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Atmospheric Measurement Techniques An interactive open-access journal of the European Geosciences Union
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Volume 9, issue 4 | Copyright

Special issue: ML-CIRRUS – the airborne experiment on natural cirrus...

Atmos. Meas. Tech., 9, 1907-1923, 2016
https://doi.org/10.5194/amt-9-1907-2016
© Author(s) 2016. This work is distributed under
the Creative Commons Attribution 3.0 License.

Research article 29 Apr 2016

Research article | 29 Apr 2016

The airborne mass spectrometer AIMS – Part 2: Measurements of trace gases with stratospheric or tropospheric origin in the UTLS

Tina Jurkat1, Stefan Kaufmann1, Christiane Voigt1,2, Dominik Schäuble1,a, Philipp Jeßberger1,b, and Helmut Ziereis1 Tina Jurkat et al.
  • 1Deutsches Zentrum für Luft- und Raumfahrt, Institut für Physik der Atmosphäre, Oberpfaffenhofen, Germany
  • 2Johannes Gutenberg-Universität, Institut für Physik der Atmosphäre, Mainz, Germany
  • anow at: Institute for Advanced Sustainability Studies, Potsdam, Germany
  • bnow at: Bayerische Patentallianz, Munich, Germany

Abstract. Understanding the role of climate-sensitive trace gas variabilities in the upper troposphere and lower stratosphere region (UTLS) and their impact on its radiative budget requires accurate measurements. The composition of the UTLS is governed by transport and chemistry of stratospheric and tropospheric constituents, such as chlorine, nitrogen oxide and sulfur compounds. The Atmospheric chemical Ionization Mass Spectrometer AIMS has been developed to accurately measure a set of these constituents on aircraft by means of chemical ionization. Here we present a setup using SF5 reagent ions for the simultaneous measurement of trace gas concentrations of HCl, HNO3 and SO2 in the pptv to ppmv (10−12 to 10−6molmol−1) range with in-flight and online calibration called AIMS-TG (Atmospheric chemical Ionization Mass Spectrometer for measurements of trace gases). Part 1 of this paper (Kaufmann et al., 2016) reports on the UTLS water vapor measurements with the AIMS-H2O configuration. The instrument can be flexibly switched between two configurations depending on the scientific objective of the mission. For AIMS-TG, a custom-made gas discharge ion source has been developed for generation of reagent ions that selectively react with HCl, HNO3, SO2 and HONO. HNO3 and HCl are routinely calibrated in-flight using permeation devices; SO2 is continuously calibrated during flight adding an isotopically labeled 34SO2 standard. In addition, we report on trace gas measurements of HONO, which is sensitive to the reaction with SF5. The detection limit for the various trace gases is in the low 10pptv range at a 1s time resolution with an overall uncertainty of the measurement of the order of 20%. AIMS has been integrated and successfully operated on the DLR research aircraft Falcon and HALO (High Altitude LOng range research aircraft). As an example, measurements conducted during the TACTS/ESMVal (Transport and Composition of the LMS/UT and Earth System Model Validation) mission with HALO in 2012 are presented, focusing on a classification of tropospheric and stratospheric influences in the UTLS region. The combination of AIMS measurements with other measurement techniques yields a comprehensive picture of the sulfur, chlorine and reactive nitrogen oxide budget in the UTLS. The different trace gases measured with AIMS exhibit the potential to gain a better understanding of the trace gas origin and variability at and near the tropopause.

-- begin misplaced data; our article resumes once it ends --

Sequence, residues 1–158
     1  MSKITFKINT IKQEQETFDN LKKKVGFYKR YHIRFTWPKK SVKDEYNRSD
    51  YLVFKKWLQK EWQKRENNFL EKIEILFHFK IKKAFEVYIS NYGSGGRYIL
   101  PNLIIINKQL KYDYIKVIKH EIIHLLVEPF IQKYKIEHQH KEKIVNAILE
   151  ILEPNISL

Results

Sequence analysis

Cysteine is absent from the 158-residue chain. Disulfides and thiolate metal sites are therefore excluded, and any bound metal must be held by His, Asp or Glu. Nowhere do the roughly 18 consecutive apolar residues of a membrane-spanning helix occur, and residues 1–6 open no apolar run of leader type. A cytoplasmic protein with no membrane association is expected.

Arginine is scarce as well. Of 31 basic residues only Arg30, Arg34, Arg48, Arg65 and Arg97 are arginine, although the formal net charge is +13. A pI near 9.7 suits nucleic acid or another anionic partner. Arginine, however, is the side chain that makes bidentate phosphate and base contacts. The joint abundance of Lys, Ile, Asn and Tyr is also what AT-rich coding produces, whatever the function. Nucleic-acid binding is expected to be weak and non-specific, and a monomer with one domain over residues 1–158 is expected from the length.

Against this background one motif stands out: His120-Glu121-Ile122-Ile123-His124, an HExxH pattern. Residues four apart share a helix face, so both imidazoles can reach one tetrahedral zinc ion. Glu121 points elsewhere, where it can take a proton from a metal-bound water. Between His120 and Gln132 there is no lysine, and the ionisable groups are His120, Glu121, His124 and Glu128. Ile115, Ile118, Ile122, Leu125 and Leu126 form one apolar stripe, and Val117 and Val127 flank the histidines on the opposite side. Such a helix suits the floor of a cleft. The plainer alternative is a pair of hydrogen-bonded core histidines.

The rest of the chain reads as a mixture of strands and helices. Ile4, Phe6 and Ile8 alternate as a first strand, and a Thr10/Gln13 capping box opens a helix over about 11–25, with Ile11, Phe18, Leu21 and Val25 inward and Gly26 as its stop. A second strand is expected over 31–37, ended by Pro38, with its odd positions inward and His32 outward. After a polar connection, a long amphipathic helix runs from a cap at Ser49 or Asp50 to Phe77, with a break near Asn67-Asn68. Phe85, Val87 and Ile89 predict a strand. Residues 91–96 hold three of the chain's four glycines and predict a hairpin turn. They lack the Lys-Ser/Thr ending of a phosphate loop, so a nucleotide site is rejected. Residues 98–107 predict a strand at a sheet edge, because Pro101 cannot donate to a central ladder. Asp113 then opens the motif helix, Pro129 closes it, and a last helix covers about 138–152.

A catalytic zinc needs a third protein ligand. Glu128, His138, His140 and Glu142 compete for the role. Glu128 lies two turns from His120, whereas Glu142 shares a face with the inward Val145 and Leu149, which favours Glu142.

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The paper details novel mass spectrometric measurements with AIMS-TG aboard the new German research aircraft HALO. The measurements comprise a wide range of tracers with characteristic source regions. Using these tracers, stratospheric and tropospheric air in the UTLS is tagged. The instrument is equipped with a new discharge ionization source, an in-flight calibration and improved transmission of adhesive gases like HNO3 and HCl. AIMS was built to characterize transport and mixing in the UTLS.
The paper details novel mass spectrometric measurements with AIMS-TG aboard the new German...
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